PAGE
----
Required Interpreter Skills and Education
Professional court interpreters should possess educated, native-like mastery of both English and a second language, display wide general knowledge characteristic of what a minimum of two years of general education at a college or university would provide, and perform the three major types of court interpreting: 1) sight translation, 2) consecutive interpreting, and 3) simultaneous interpreting. See details >>.
Testing and Certification
The State Court Administrative Office offers certification testing to persons interested in becoming a non-English-language court interpreter. An overview of the written examination is available for candidates
. SCAO does not hire interpreters
, but does test and certify individuals to interpret for Michigan's trial courts. Persons who pass the certification exam, will be issued a certification card and have his or her name added to the official list of certified interpreters. Currently, depending upon interest, tests can be offered in these languages:
For information about reciprocity of federal court interpreter certification or certification from another state, contact the Language Access Certification Program.
Want to take the written exam?
. Registration forms must be postmarked by June 21, 2014, and will not be accepted electronically. Fax the completed form to 517-373-0974 or it to SCAO, ATTN: Sheryl Doud, P.O. Box 30048, Lansing, MI 48909.
The State Court Administrative Office reserves the right to cancel or reschedule tests.
July 29, 2014
March 24, 2015
July 28, 2015
|Spanish Oral Proficiency
June 19 and 20, 2014
October 16 and 17, 2014
June 16 and 17, 2015
October 15 and 16, 2015
Languages Other than Spanish (LOTS)
October 20 and 21, 2014
October 19 and 20, 2015
Description of Test
The test is designed and developed by a team of experts from several parts of the country who have extensive knowledge of court proceedings, the job requirements for court interpreters, and/or advanced training or high levels of fluency in English and other languages. These experts may include federally certified court interpreters, judges, lawyers, scholars, and/or legal professionals.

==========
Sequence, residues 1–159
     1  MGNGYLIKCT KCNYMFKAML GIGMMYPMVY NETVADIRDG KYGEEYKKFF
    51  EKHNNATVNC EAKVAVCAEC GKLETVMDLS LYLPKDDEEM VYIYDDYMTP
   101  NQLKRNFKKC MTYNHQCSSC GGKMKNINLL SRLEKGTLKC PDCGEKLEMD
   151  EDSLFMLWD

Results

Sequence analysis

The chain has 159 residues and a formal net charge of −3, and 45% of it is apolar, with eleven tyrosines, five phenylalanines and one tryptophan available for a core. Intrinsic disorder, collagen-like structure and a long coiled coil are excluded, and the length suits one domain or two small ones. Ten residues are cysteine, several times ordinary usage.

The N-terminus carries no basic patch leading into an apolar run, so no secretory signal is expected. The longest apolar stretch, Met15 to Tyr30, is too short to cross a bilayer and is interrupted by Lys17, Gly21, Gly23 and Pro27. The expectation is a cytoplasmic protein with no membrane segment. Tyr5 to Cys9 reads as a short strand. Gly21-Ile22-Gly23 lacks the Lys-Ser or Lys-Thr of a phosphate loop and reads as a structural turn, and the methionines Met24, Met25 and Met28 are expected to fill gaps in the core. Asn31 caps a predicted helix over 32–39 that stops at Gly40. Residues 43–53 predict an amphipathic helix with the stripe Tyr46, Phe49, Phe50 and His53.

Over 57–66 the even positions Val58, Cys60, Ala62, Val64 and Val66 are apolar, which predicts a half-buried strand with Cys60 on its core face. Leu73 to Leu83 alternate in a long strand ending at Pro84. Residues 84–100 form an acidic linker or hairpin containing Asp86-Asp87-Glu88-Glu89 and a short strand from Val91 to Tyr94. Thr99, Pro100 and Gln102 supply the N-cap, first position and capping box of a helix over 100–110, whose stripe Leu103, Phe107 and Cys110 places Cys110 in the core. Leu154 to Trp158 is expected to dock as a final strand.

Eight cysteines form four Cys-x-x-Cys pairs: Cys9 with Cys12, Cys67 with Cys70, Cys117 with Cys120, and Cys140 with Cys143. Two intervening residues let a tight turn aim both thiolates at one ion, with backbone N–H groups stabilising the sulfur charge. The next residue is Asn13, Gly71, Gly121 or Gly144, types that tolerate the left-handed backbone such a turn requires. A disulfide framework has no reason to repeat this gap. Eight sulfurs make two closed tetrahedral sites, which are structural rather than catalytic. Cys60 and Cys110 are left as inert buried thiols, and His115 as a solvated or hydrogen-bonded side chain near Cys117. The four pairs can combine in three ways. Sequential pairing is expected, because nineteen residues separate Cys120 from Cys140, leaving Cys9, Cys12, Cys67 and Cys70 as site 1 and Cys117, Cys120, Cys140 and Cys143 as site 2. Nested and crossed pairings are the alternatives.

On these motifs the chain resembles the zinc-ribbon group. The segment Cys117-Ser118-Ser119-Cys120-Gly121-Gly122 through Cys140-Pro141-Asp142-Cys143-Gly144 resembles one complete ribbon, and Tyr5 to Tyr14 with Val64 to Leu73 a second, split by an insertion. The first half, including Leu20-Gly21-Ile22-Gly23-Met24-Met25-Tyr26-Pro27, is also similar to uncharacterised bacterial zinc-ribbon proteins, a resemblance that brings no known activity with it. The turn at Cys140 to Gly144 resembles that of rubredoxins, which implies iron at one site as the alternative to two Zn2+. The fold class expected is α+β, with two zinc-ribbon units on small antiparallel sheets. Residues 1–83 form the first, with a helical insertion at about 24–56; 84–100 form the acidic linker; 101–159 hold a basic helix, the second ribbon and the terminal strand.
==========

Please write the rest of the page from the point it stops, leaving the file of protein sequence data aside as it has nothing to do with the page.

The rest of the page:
The test measures knowledge and fluency in both languages and the ability to successfully render meaning from source to target language in each of the three modes of interpreting that are required of a court interpreter:
- Sight Translation of Documents
- Consecutive Interpreting
- Simultaneous Interpreting
During the sight translation portion
, the examinee reads aloud a document in the second language for which the test is being taken (target language). When that reading is completed, the examinee is given the document in English and asked to read it in the target language.
During the consecutive interpreting mode
, the examinee interprets English language questions into the second language for which the test is being taken (target language) and target language answers into English. A test proctor administers the consecutive interpreting portion by playing the recorded courtroom simulation on a CD player. The examinee listens to sentences, the CD is paused, and the interpreter then interprets from memory.
During the simultaneous interpreting mode
, the examinee, wearing headphones, listens to a prerecorded English passage and, while listening, interprets aloud into the nonEnglish language.
The entire court interpreter certification test takes approximately one hour. Test tapes are scored by a team of two certified interpreters who have been trained by the National Center for State Courts for rating the certification tests. Candidates must score at least 70 percent on each part of the test in order to pass. Efforts are made to report scores to the candidates within 60 days.